Business Activity Monitoring
Sadavarte, CIO, Patni, explains the BAM concept, an extension of traditional
business intelligence that adds event monitoring to scheduled, batch-based reporting.
In todays competitive environment, businesses must accelerate
the flow of information, analysis and decision-making in order to become more
responsive to fast-moving events. This requirement drives the direction of next-generation
business intelligence (BI). It forces the augmentation of schedule-based technologies
with event-based technologies i.e. event-based BI.
The objective behind BAM is
to capture and use event-based operational data
online to create a nimble-footed real-time
enterprise capable of reacting almost instantly.
BAM thus is an extension of traditional BI, adding
event monitoring to scheduled, batch-based reporting
This is where relatively new concepts like BAM hold sway.
The objective behind BAM is to capture and use event-based operational data
online to create a nimble-footed real-time enterprise capable of
reacting almost instantly. BAM thus is an extension of traditional BI, adding
event monitoring to scheduled, batch-based reporting.
BI vs BAM
BAM is a Gartner Dataquest term which has been defined as the concept of providing
real-time access to critical business performance indicators to improve the
speed and efficacy of business operations. At its broadest level, BAM is the
convergence of operational BI and real-time application integration aimed at
business goals but enabled through advances in IT. (Source: Gartner Dataquest)
Conventional BI systems are based on a data warehouse architecture,
extracting, transforming and loading it into a data warehouse, having business
analysts run reports and do the analysis, and having this presented in a suitable
context for business users. It is more of an analysis of data, past (revenue,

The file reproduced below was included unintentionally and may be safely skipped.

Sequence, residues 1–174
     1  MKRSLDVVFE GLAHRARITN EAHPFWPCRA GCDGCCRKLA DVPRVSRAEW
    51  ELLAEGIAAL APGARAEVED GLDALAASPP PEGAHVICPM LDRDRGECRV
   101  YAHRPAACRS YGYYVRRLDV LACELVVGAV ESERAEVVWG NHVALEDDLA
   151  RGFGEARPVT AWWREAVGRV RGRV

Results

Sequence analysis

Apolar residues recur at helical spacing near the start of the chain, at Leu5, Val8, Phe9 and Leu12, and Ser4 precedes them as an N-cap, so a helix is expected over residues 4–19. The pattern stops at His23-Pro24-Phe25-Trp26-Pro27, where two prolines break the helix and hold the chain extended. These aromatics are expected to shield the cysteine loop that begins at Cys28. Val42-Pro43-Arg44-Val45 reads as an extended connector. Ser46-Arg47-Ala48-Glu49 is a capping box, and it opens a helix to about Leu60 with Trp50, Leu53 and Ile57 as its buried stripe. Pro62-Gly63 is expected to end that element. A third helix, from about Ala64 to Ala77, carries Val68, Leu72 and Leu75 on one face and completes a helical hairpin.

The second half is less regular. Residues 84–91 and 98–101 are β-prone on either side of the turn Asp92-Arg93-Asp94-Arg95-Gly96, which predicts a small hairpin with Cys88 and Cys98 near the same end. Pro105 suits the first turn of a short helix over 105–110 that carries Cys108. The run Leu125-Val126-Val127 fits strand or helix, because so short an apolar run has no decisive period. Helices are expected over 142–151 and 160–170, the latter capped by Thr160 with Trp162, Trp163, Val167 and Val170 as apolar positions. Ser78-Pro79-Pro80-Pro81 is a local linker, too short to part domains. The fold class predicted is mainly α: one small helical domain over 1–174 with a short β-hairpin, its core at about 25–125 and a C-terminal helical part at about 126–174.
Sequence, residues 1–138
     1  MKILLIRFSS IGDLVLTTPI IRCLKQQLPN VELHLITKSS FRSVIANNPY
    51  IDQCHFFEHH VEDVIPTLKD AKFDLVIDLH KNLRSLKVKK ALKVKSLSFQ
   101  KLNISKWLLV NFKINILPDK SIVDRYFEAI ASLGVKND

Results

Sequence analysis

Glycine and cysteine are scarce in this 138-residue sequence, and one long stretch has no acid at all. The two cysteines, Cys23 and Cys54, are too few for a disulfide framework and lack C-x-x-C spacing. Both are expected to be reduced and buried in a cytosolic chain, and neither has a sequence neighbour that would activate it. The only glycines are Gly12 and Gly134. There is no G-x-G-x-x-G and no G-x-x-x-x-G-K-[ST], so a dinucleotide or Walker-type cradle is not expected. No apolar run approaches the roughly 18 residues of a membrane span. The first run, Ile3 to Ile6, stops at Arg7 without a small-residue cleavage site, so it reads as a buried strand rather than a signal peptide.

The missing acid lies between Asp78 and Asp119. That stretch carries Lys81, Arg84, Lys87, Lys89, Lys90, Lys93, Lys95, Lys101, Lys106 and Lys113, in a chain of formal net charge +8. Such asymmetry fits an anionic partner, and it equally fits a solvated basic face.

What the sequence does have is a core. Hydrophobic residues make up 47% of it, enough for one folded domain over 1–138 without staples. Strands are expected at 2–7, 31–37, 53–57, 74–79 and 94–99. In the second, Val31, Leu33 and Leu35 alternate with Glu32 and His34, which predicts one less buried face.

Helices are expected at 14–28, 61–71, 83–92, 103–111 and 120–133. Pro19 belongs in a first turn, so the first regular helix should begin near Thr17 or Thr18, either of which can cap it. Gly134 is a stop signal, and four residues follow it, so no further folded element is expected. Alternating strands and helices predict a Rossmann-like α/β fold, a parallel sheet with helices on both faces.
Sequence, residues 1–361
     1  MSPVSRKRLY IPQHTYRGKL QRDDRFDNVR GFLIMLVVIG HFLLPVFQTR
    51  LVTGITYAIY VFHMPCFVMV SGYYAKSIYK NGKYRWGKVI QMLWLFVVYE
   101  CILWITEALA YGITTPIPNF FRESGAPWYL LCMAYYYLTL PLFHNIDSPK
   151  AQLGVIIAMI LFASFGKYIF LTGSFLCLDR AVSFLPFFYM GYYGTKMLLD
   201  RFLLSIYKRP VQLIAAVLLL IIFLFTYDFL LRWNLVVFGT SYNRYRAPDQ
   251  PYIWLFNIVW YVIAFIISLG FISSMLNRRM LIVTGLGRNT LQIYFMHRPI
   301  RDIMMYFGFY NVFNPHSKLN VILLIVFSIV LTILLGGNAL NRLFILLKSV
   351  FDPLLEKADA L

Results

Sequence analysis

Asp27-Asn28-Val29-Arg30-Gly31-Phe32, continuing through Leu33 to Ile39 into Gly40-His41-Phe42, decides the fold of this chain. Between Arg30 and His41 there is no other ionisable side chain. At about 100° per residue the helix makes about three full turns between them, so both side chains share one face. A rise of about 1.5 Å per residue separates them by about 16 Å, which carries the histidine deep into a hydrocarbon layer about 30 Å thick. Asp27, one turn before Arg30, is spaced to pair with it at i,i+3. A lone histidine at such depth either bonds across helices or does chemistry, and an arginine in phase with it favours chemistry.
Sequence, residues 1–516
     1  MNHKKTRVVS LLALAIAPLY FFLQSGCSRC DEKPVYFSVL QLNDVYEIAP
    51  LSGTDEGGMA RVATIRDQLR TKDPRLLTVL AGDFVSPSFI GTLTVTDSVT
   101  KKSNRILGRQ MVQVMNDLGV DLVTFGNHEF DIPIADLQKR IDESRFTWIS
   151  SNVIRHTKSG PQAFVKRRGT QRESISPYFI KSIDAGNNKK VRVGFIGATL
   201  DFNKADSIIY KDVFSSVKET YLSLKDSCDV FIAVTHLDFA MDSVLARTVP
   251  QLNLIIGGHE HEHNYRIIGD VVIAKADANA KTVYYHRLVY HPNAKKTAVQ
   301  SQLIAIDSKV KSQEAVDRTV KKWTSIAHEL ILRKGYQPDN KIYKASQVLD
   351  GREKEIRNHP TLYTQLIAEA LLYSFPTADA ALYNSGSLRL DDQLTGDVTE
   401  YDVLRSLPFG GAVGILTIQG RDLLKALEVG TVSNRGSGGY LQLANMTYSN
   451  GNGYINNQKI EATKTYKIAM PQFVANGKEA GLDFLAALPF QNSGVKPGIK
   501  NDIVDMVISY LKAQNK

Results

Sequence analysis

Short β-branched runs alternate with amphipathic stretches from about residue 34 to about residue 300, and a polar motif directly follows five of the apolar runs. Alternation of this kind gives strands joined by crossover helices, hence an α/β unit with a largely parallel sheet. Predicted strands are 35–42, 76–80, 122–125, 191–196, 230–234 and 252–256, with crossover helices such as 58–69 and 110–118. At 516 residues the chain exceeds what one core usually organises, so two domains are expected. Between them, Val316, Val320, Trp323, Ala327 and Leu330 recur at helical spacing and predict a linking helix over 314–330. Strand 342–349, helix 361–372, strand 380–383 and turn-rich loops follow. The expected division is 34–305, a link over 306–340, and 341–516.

profits, attrition, etc) or future (sales funnel, budget, etc) for supporting
meaningful decisions. This enables business users to react to business situations
after they occur. To that extent, traditional BI is static and does not react
to intermediate events, which could be dangerous. BAM takes cognisance of discrete
events and sends signals to the appropriate stake-holders to take corrective
Technically speaking, BAM eliminates intermediate events, takes transactions
directly from the operational systems, correlates them with other information
from data warehouses or planning systems, and then presents the result in the
form of an operational dashboard.
Process models typically drive BAM. This is very different from data-driven
ETL applications, which have little or no knowledge of business processes. BAM
extends a BI systems usage beyond strategic and tactical business decision-making
to the management of day-to-day business operations.
Benefits of BAM
The key benefit of a BAM environment is that operational processes can be monitored
and exceptions acted on in near real-time.
Event-based support for customer-related analytics enables companies to optimise
live interactions with their customers and prospects. A retail-banking customer
who suddenly makes an unusually large deposit may be a prospect for another
financial instrument offered by the bank. On the other hand, multiple ATM transactions
in a short period of time should be an input for a banks fraud management